Coaxial cable is used to transmit both analog and digital signals. It has frequency characteristics that are superior to those of twisted pair and can hence be used effectively at higher frequencies and data rates. Because of its shielded, concentric construction, coaxial cable is much less susceptible to interference and crosstalk than twisted pair. The principal constraints on performance are attenuation, thermal noise, and intermodulation noise. The latter is present only when several channels (FDM) or frequency bands are in use on the cable. For long-distance transmission of analog signals, amplifiers are needed every few kilometers, with closer spacing required if higher frequencies are used. The usable spectrum for analog signaling extends to about 500 MHz. For digital signaling, repeaters are needed every kilometer or so, with closer spacing needed for higher data rates.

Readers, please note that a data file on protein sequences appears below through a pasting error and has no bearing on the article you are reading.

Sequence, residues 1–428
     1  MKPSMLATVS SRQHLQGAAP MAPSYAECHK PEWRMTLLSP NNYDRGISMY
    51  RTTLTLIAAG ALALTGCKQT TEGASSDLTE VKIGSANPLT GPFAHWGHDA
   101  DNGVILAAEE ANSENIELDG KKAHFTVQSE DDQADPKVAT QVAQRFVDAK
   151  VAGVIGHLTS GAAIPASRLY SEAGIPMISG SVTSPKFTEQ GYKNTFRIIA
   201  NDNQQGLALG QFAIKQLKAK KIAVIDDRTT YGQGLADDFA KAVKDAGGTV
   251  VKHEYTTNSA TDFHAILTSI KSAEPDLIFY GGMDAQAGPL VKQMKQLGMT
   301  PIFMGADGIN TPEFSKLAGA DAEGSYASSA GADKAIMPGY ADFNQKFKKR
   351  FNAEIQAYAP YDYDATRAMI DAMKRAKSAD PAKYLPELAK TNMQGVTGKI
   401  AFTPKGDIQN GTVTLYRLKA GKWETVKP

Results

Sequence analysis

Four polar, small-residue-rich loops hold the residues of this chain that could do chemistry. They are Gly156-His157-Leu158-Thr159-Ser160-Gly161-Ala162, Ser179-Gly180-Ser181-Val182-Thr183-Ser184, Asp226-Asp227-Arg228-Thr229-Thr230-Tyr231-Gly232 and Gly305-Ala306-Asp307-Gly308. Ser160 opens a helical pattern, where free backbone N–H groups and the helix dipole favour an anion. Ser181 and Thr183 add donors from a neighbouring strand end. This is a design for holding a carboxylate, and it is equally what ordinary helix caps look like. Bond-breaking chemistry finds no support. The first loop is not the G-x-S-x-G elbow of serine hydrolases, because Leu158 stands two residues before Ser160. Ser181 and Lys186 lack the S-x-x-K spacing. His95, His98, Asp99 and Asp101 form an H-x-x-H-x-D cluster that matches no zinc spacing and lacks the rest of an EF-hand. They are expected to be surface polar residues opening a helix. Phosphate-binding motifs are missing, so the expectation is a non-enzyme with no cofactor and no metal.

An optical fiber is a thin (2 to 125 µm), flexible medium capable of guiding an optical ray. Various glasses and plastics can be used to make optical fibers. An optical fiber cable has a cylindrical shape and consists of three concentric sections: the core, the cladding, and the jacket ( Stallings DCC8e Figure 4.2c). The core is the innermost section and consists of one or more very thin strands, or fibers, made of glass or plastic; the core has a diameter in the range of 8 to 50 µm. Each fiber is surrounded by its own cladding , a glass or plastic coating that has optical properties different from those of the core and a diameter of 125 µm. The interface between the core and cladding acts as a reflector to confine light that would otherwise escape the core. The outermost layer, surrounding one or a bundle of cladded fibers, is the jacket . The jacket is composed of plastic and other material layered to protect against moisture, abrasion, crushing, and other environmental dangers. Optical fiber already enjoys considerable use in long-distance telecommunications, and its use in military applications is growing. The continuing improvements in performance and decline in prices, together with the inherent advantages of optical fiber, have made it increasingly attractive for local area networking. Five basic categories of application have become important for optical fiber: Long-haul trunks, Metropolitan trunks, Rural exchange trunks, Subscriber loops & Local area networks.